5. I just now visited every one of the CT gunmakers’ websites to see their corresponding comments on the situation in their home state. With the exception of Colt, not one of the others have any public statements. The Colt Co. has a long and winding Op-Ed posted March 18th. I read through it, and I enclose the closing-draw your own conclusions:

    Like every other precision manufacturer in Connecticut, Colt is constantly approached by other states to relocate, but our roots here are deep. Colt is and always has been an integral part of a state characterized by hard work, perseverance and ingenuity.

    I know, however, that someday soon, I will again be asked why we fight to keep well-paying manufacturing jobs in Connecticut. I will be asked why we should continue to manufacture in a state where the governor would make ownership of our product a felony.

    I will be asked these questions and, unlike in the past, there will be few good answers.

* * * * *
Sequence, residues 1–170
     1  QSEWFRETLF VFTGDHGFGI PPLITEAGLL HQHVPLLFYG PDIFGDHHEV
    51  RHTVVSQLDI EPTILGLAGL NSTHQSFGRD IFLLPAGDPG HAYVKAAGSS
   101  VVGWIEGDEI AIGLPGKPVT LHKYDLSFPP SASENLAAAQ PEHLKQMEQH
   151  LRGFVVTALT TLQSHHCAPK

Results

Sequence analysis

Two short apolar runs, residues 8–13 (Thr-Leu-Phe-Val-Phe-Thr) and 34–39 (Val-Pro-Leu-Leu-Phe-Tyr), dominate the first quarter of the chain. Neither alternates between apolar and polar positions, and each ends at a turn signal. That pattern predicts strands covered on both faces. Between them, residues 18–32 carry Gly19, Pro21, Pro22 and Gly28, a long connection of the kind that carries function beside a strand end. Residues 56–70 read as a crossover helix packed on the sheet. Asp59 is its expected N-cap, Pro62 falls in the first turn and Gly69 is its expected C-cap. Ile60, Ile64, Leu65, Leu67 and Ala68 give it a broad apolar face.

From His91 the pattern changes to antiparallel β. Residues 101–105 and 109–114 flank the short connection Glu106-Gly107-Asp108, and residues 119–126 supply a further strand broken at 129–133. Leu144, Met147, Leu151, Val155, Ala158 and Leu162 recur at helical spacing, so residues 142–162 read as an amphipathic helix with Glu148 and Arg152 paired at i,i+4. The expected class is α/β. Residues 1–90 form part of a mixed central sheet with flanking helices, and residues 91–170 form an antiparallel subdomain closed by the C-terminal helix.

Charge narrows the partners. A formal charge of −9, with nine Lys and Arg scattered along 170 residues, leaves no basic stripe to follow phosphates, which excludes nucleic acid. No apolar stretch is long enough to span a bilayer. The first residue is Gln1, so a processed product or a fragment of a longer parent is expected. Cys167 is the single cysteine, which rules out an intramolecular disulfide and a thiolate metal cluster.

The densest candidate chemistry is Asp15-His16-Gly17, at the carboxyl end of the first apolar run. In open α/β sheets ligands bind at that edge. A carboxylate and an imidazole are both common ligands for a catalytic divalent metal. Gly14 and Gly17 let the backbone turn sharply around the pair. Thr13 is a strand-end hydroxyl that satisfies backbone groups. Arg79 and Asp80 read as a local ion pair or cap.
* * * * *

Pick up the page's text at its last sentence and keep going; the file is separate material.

Dennis Veilleux is president and CEO of Colt’s Manufacturing Co. based in West Hartford.

    Link to letter follows:,0,6575067.story

  6. A couple of other gems in the bill:

    -If you own spare parts for an “assault weapon” you may be committing a felony.

    -You have to register any magazine with greater than 10 round capacity. Those magazines may be owned, but if you carry legally, you can only put ten rounds in the magazine.

    -One of the banned features is a forward pistol grip. Defined: (6) “Forward pistol grip” means any feature capable of functioning as a grip that can be held by the nontrigger hand; (Couldn’t this be construsted to mean the tradition forward gripping area of an AR-15 style rifle?)

    -Another definition (4) “Detachable magazine” means an ammunition feeding device that can be removed without disassembling the firearm action; (Does this eliminate bullet buttons?)

    -Banned feature defined. (II) Any grip of the weapon, including a pistol grip, a thumbhole stock, or any other stock, the use of which would allow an individual to grip the weapon, resulting in any finger on the trigger hand in addition to the trigger finger being directly below any portion of the action of the weapon when firing; (I can think of no semiautomatic, bolt action, lever action, or other rifle that would be legal under this definition. There is always at least one finger below the action other than the trigger finger.)